1. Ettina
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    Ettina Active Member

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    Culture-dependent interpretations of insanity

    Discussion in 'General Writing' started by Ettina, Dec 8, 2011.

    OK, in one story, I'm trying to write good guys who worship an Eldritch Abomination god. Basically, they appease it and convince it not to devour their world, and the contact with it warps their minds but also gives them magical powers. These people, called monks, are basically the elite of their society. Only certain people can become monks as most people would simply die if they had too much contact with this god, and the features that make someone monk material are mostly genetic. So the families that have a lot of monk relatives become the powerful families that run their society.

    Anyway, most monks have significant issues, similar to the features of real life mental illness mixed with brain injury. They have a range of functioning, since every individual differs in how well they can cope with the transformation. But most of them have some degree of hallucinations, find that they have involuntary movements as well as inability to do certain movements voluntarily, and other issues. As a result, it's standard for monks to have assistants following them everywhere to help them cope.

    The protagonists are a set of fraternal twins from a desperately poor family. The one boy passed the test to become a monk, the first one in his family to do so in ages. His brother has been hired to be his assistant (it's common for monks to pick someone they're close to, because it's believed they deal with the transformation better if a loved one is with them). They're sort of going through culture shock, because even though they live in the same society they've had very little to do with monks before due to the vast class divide between their family and typical monks. I'm sort of using them as stand-ins for our society in some ways, because they have far more personal experience with disabled people (eg 'kicked in the head by a horse', that sort of thing) than with monks, and they never realized monks have similar issues, such as the fact that some monks wear diapers. I'll be showing this from both the trainee monk's perspective and from his brother's perspective.

    Anyway, I'm wondering how much of the typical emotional process of dealing with a loved one changing so much would be affected by society's view that this change is a good thing. The protagonists have befriended some kids who were raised for the roles of monk and assistant from childhood, and these two will find the process much less upsetting than the protagonists do. But I don't think it would be a completely smooth adjustment even for them once they're dealing with the reality of monk life. Any ideas?
     
  2. Froggy
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    Froggy Member

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    I can't speak as to how this kind of change would 'normally' be observed, but i have a few questions that might be worth looking at to clarify the situation a bit....

    - does he want to be a monk? why?
    - is the brother jealous?
    - did they have a choice?
    - is there class prejudice and different treatment by the monks, or automatic acceptance?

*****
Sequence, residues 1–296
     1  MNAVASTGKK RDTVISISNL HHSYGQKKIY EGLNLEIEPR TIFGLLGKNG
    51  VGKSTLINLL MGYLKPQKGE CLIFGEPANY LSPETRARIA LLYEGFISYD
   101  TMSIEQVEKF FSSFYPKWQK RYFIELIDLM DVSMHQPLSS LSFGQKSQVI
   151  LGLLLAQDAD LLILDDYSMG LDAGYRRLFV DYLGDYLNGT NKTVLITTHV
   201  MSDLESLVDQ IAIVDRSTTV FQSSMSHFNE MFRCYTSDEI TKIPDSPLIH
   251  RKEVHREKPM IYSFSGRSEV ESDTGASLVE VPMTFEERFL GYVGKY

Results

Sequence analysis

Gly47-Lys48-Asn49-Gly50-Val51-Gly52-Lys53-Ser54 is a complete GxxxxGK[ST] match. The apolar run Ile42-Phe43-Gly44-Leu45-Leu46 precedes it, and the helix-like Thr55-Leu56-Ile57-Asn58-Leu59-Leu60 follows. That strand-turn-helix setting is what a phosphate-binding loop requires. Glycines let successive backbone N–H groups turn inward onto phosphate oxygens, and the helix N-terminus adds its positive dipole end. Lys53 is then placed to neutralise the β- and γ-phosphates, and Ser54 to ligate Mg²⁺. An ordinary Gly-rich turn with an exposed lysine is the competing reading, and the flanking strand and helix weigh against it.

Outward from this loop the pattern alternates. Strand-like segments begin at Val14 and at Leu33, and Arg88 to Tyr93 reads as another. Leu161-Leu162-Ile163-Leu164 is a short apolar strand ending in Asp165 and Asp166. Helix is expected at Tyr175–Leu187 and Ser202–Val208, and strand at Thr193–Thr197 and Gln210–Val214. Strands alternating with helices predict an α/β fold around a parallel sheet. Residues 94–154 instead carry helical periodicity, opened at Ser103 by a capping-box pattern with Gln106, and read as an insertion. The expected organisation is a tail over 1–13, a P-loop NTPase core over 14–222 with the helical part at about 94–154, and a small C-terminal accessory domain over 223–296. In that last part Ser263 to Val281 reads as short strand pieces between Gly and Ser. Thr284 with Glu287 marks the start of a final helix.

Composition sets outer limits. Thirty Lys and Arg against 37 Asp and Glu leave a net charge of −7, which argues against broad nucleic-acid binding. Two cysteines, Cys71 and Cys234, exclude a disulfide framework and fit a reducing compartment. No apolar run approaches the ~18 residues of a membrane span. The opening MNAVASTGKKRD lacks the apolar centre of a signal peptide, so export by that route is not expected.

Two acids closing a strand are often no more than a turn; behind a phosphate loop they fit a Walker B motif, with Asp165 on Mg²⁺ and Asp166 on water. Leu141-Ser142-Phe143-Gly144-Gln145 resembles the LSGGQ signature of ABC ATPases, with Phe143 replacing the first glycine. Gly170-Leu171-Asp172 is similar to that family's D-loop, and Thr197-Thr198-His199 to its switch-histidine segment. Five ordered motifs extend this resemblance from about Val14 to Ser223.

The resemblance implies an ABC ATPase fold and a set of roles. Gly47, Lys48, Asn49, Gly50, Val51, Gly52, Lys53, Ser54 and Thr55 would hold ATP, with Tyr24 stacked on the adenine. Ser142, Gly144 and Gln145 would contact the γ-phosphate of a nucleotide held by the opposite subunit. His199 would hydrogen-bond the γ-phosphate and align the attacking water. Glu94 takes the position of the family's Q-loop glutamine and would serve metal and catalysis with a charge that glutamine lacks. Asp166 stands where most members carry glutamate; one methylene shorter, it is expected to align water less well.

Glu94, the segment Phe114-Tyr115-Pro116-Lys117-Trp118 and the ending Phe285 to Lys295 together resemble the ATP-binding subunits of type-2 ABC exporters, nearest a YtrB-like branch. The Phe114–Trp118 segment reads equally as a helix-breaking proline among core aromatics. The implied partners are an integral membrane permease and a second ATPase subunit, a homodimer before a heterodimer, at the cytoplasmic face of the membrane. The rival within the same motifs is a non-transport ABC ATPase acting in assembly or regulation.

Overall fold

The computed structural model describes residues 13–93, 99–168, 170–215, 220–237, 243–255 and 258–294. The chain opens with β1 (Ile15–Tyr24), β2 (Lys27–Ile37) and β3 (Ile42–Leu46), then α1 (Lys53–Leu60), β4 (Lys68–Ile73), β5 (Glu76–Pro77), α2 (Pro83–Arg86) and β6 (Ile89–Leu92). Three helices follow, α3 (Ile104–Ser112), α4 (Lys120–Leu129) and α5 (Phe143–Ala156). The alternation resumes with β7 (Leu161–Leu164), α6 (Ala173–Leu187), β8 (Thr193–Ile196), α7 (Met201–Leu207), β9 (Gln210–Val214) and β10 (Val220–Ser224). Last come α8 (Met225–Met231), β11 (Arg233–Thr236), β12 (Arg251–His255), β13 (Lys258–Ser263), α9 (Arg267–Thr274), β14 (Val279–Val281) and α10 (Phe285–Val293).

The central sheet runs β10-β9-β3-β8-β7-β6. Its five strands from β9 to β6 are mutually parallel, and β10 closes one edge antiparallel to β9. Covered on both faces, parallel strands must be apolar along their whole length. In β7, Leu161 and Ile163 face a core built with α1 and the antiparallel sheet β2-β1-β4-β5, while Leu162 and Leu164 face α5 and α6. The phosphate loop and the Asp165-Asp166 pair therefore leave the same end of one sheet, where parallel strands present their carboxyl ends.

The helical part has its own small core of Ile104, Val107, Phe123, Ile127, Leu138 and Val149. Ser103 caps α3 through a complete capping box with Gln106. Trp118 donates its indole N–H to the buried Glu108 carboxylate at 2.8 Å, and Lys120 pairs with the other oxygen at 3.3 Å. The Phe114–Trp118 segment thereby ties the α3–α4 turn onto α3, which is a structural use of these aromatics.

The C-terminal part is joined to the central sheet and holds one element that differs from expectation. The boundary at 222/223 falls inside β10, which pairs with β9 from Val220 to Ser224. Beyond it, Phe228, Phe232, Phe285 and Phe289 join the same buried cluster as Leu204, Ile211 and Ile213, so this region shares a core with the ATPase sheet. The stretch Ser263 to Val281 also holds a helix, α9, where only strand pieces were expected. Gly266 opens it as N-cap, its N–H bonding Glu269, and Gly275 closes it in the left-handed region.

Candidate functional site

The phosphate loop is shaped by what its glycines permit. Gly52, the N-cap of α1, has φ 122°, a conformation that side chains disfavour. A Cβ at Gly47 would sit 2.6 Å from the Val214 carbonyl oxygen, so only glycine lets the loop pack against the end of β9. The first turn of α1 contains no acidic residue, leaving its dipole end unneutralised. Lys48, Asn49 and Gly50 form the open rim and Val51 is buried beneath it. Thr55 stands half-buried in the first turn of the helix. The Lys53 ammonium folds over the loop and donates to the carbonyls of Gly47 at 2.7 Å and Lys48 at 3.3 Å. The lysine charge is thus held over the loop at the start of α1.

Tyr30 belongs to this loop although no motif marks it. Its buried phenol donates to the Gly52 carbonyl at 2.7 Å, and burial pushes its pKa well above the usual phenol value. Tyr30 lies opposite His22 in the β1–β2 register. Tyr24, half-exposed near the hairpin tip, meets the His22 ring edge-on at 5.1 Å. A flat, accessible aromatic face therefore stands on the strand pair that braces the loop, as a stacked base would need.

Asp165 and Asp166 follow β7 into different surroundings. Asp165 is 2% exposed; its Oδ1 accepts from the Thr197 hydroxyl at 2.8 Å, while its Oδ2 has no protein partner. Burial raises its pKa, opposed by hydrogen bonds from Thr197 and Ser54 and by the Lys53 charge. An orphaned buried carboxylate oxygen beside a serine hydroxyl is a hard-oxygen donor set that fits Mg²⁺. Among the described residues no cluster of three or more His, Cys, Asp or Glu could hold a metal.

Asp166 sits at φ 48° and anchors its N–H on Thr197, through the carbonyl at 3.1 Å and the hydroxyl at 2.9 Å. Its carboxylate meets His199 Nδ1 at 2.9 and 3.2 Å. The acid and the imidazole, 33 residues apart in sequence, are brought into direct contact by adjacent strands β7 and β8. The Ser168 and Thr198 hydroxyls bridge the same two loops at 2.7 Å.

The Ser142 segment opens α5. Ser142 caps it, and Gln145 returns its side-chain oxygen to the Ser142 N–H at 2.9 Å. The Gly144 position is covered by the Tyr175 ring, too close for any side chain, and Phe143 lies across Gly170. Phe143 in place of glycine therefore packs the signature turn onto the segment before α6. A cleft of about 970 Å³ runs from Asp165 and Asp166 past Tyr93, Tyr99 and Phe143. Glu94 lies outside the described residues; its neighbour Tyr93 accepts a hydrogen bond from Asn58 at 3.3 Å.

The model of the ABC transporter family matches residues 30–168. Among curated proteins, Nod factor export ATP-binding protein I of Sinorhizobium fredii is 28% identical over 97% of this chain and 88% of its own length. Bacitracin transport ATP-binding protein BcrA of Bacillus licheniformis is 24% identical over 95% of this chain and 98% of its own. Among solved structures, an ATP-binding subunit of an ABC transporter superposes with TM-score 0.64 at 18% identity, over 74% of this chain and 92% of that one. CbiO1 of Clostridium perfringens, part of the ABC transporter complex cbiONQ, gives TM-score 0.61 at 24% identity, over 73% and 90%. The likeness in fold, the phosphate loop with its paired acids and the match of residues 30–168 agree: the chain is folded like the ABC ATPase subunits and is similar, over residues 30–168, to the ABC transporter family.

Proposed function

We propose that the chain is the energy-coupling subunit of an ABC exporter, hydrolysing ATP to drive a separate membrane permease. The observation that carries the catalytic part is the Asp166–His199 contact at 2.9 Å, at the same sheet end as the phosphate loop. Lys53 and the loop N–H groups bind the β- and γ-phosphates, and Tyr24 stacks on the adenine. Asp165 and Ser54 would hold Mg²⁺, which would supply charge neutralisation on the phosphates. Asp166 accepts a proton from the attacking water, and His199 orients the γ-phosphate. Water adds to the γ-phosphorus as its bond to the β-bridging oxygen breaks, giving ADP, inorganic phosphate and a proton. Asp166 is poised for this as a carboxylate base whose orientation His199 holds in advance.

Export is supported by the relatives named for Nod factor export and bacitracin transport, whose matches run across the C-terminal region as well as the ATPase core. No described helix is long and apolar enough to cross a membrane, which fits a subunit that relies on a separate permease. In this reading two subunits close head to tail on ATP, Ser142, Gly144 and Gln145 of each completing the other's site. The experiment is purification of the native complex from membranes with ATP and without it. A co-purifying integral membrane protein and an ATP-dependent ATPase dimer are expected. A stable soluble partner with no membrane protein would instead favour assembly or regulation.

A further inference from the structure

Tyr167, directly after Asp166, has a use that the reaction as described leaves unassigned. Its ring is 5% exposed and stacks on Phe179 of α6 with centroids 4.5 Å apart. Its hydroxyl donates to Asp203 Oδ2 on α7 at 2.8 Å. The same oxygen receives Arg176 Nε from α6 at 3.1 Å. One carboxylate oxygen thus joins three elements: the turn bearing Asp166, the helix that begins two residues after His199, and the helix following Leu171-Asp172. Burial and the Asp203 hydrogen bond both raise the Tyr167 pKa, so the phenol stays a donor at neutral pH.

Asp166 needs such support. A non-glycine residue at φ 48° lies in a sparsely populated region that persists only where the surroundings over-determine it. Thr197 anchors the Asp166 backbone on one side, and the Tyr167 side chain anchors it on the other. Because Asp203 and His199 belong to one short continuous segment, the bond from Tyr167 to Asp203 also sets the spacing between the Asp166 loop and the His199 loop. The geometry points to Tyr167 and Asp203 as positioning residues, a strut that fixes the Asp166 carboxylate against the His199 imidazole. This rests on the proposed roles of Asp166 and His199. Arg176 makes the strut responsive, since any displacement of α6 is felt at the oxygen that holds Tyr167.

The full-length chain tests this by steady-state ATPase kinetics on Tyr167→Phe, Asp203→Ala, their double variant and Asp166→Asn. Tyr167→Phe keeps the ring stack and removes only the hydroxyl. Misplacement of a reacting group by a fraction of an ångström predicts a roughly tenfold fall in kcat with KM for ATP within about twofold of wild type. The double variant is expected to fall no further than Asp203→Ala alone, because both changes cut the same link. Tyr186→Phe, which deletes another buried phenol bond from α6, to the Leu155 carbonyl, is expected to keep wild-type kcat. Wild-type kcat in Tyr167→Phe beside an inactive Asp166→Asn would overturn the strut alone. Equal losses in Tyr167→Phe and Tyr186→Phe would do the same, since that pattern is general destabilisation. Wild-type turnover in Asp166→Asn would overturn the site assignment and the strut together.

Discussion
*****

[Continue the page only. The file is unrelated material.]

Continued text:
- how come the other brother didn't pass the test?


    - are you seriously planning on making one of them insane and the other has to watch?
    having a twin myself, i absolutely hate the idea ----> am not going to read your story unless they learn what they can and then go on to escape and overthrow the entire religious structure. oh, and without going completely insane thankyouverymuch.
     
  3. Ettina
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    Ettina Active Member

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    No, he's terrified of the idea, but it could help his family so much that refusing the chance would be like a person on welfare winning the lottery and refusing to take the money.

    No, he's just as freaked out by the idea of being a monk as his brother is. He feels lucky and guilty that it's his brother instead of him doing it.

    Technically, yes. But given their economic situation, there was only one choice really acceptable to him.

    There is some class prejudice. Not in the sense of being mean to the twins, but more in the sense of seeing them as a curiosity and not really understanding them. Like William Shatner's song Common People. Some of the rich characters say hurtful things, but not meaning them to be hurtful - they just have so little understanding of poor people that they don't realize how offensive they're being.

    They are fraternal twins. The one brother basically won the genetic lottery, so to speak. Given his ancestry, it's about one in a million that he'd get the right mix of genes to be a monk, and his brother got a different mix of genes.

    Then I guess my story isn't for you.

    They're not going to overthrow the system. Although it's not pretty, if there weren't monks their god would eat their world (it still will eventually, but they've convinced it to wait by constantly giving it offerings).

    And not having the one boy go insane would take away all the fun of writing the story. But don't worry, he and his brother will find a way to cope. Being insane isn't all bad, after all. Kind of one of the most important themes of this story.
     
  4. Froggy
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    Froggy Member

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    Well, I hope you let some good stuff happen to them too ;)

    Just a thought, if the monks are technically insane, could it be their assistants wielding the actual power in society?
     

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